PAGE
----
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To London with Nikolai Astrup

The Norwegian painter Nikolai Astrup is being introduced to a UK audience. Her Majesty The Queen undertook the official opening of the exhibition “Nikolai Astrup: Painting Norway” this evening in London.


Although his paintings of the magic of midsummer eve and the mystical landscape of Western Norway are well known in Norway, Nikolai Astrup (1880–1928) – unlike his contemporary Edvard Munch – has remained somewhat of a Scandinavian secret.

A wide-ranging exhibition of Astrup’s woodcuts and paintings was officially opened this evening at Dulwich Picture Gallery in London. This is the first time a major exhibition of his work has been showcased internationally. The exhibition has already garnered great interest and received extensive media coverage. According to the Guardian, Astrup is “the Norwegian artist you’ve never heard of, but will never forget.”

Nature and culture

Astrup was a unique and innovative artist. The majestic nature and cultural landscape of his home district were a major source of inspiration and form the central motifs of his work. In her remarks this evening, Queen Sonja drew attention to the vividness of his palette:

“He sought to convey the mystique and magic of nature – and he used strong colours. It has been said that the vibrancy of Astrup’s colours is drawn from the earth itself; from the rain-drenched mountains, moss and lichens, from the waterfalls and mountain glaciers.”  

Astrup was also interested in folklore, and mythical and enigmatic elements occupy a natural place in his paintings. He was fascinated by the Nordic light and golden summer nights, particularly midsummer eve celebrations. His paintings of the traditional bonfires are some of his best known works in Norway.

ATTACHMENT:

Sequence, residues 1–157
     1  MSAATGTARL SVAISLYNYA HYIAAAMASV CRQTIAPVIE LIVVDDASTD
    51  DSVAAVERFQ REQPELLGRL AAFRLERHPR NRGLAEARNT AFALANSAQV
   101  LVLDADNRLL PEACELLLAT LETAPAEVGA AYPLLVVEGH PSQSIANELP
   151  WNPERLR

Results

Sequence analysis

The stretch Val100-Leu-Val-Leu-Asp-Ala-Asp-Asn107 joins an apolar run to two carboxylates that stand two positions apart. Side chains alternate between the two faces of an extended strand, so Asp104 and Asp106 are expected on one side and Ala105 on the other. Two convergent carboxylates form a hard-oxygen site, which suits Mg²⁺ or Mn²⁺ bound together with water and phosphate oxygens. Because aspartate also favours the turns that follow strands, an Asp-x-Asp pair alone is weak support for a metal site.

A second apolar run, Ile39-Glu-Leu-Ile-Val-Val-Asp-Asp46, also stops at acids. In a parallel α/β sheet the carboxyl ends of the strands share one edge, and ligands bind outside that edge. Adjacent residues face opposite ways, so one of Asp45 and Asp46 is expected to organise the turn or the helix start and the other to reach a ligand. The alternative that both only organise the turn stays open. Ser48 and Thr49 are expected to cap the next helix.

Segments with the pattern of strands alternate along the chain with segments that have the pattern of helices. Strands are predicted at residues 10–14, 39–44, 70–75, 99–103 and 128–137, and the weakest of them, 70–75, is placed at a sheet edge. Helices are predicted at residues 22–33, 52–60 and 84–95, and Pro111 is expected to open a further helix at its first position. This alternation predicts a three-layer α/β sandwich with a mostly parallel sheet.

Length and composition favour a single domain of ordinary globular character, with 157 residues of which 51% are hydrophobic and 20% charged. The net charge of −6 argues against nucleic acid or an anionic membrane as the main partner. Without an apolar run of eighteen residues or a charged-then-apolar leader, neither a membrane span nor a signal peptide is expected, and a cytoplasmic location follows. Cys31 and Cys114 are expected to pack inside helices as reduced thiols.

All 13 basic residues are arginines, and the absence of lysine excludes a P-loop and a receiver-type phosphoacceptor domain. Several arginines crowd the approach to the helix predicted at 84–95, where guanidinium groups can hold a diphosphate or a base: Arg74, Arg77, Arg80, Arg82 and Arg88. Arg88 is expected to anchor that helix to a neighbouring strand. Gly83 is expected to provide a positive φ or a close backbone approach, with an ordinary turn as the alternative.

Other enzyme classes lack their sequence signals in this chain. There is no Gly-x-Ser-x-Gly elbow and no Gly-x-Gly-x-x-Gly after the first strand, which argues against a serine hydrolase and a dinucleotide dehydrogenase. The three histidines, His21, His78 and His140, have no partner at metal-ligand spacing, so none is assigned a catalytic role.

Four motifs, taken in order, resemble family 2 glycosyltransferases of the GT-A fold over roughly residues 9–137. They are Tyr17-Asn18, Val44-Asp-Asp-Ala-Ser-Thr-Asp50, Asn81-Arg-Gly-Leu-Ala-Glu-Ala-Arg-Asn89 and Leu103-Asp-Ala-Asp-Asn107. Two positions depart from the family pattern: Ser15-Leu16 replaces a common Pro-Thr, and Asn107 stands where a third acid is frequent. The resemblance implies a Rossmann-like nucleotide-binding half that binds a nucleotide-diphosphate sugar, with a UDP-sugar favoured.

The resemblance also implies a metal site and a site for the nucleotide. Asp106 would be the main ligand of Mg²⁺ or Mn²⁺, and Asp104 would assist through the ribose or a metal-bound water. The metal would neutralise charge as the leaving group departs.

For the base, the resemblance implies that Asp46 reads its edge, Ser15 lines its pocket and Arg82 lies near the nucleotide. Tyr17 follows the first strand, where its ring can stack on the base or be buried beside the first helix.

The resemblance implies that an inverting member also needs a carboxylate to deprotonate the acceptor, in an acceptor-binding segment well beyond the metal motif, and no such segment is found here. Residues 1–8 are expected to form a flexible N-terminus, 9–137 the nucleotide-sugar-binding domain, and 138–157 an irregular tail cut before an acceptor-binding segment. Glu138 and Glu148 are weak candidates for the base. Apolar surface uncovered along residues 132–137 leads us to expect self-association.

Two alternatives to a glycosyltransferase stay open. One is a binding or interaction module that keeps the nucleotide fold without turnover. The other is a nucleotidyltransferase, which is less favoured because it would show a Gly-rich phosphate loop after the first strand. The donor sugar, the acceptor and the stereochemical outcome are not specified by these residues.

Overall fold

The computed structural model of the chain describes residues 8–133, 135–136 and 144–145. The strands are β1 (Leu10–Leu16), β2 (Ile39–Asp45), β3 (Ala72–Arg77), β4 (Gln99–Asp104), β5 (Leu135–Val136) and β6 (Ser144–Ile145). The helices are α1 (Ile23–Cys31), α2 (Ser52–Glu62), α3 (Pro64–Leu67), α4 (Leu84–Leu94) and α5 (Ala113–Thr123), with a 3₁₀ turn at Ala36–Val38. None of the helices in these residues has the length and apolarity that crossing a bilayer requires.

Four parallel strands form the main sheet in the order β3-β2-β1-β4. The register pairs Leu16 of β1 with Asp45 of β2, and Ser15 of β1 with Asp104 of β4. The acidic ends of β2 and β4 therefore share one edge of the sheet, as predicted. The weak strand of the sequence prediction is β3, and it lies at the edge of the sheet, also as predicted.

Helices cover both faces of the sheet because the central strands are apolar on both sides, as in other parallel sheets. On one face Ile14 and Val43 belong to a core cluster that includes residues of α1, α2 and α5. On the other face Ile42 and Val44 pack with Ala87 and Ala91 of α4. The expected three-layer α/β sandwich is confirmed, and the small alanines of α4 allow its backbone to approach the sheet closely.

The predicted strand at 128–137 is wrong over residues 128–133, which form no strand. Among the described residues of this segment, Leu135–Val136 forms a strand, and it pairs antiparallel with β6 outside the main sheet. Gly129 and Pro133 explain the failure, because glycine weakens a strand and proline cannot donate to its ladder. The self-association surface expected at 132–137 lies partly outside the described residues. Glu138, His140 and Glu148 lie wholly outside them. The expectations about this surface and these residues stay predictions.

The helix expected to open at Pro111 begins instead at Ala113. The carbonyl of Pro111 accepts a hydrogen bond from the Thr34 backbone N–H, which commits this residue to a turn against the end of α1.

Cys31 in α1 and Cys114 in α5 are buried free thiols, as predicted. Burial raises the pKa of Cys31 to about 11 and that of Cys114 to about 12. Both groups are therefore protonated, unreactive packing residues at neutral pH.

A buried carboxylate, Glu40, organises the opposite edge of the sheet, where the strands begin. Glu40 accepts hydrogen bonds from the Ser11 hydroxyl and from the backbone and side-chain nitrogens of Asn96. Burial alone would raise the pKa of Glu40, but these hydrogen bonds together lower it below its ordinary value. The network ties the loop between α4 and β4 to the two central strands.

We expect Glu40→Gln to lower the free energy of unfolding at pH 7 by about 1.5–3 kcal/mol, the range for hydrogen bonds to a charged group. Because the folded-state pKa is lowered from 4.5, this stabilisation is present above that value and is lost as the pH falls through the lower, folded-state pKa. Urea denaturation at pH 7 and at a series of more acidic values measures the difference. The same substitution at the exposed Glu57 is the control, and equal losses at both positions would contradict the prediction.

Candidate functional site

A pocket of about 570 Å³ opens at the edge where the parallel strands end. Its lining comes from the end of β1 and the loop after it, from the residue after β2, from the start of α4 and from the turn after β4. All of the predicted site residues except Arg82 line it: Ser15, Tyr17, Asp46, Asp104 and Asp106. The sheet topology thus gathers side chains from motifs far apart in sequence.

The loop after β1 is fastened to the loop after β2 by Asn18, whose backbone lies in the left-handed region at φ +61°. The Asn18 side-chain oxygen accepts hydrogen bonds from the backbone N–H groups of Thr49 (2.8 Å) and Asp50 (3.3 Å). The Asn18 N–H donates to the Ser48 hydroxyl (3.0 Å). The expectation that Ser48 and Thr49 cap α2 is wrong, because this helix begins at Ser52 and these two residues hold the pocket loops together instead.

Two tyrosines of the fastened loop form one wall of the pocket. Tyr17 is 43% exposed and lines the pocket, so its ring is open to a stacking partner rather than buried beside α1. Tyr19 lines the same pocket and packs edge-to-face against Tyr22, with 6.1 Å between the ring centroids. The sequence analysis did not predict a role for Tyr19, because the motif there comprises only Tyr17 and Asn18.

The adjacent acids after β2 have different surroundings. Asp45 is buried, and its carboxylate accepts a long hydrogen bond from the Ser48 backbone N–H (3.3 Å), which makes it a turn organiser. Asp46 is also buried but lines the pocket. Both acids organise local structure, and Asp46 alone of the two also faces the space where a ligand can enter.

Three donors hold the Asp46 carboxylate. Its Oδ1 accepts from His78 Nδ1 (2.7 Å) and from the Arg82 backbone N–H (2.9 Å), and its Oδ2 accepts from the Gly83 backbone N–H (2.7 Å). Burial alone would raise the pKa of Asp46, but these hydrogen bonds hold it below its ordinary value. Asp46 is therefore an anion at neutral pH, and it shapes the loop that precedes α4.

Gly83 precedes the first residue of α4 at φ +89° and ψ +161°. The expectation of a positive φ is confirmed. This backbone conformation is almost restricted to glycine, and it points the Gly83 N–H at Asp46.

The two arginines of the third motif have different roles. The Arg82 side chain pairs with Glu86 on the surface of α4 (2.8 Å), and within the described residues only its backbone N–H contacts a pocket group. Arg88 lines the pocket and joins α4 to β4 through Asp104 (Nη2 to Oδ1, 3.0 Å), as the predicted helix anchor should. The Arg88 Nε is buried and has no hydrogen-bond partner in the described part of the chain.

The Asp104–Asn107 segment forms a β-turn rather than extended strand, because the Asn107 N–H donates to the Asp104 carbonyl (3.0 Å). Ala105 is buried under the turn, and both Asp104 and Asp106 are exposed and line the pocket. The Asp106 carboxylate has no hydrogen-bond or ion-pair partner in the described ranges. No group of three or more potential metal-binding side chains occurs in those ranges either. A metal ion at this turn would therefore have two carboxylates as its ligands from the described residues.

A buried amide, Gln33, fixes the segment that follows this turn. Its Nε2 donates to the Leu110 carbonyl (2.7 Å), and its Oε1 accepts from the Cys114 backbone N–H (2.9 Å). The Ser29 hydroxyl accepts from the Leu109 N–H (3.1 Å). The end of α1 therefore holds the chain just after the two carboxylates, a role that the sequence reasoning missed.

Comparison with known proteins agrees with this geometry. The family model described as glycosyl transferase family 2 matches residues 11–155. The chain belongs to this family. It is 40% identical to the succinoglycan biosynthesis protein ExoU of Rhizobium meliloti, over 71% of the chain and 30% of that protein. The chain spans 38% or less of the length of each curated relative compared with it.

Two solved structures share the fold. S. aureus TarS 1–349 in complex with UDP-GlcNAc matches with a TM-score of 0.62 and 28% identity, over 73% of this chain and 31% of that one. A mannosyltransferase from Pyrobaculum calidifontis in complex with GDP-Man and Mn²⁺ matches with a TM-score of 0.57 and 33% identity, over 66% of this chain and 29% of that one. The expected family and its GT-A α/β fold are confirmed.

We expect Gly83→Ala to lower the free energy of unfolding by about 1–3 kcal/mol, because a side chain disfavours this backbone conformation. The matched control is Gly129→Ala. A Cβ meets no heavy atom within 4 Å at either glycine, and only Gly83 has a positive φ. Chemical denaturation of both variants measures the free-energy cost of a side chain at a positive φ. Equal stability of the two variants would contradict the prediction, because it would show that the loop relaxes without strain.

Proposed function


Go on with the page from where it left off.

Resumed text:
Norwegian identity

Nikolai Astrup took a number of study trips abroad, but always returned to his homestead. This was a time when National Romantic influence was strong in Norway, and Astrup’s work played a part in the construction of a Norwegian identity and helped to define what it meant to be Norwegian. However, the reach of his art is far greater than that:

“Nikolai Astrup’s art is more than just an expression of Norwegian identity,” emphasised the Queen. “His works create a world of their own. He conveys a message that reaches beyond the Norwegian national setting – resonating with people in other parts of the world.”

On to Oslo and Emden

The exhibition comprises more than 120 woodcuts and oil paintings, and is the result of a collaboration between Dulwich Picture Gallery, Henie-Onstad Art Centre, Kunsthalle Emden and the Savings Bank Foundation DNB. The exhibition in London will be open to the public from 4 February to 15 May. Thereafter it will be displayed at the Henie-Onstad Art Centre in Norway from 10 June through the summer, before moving to Emden, Germany in the autumn.


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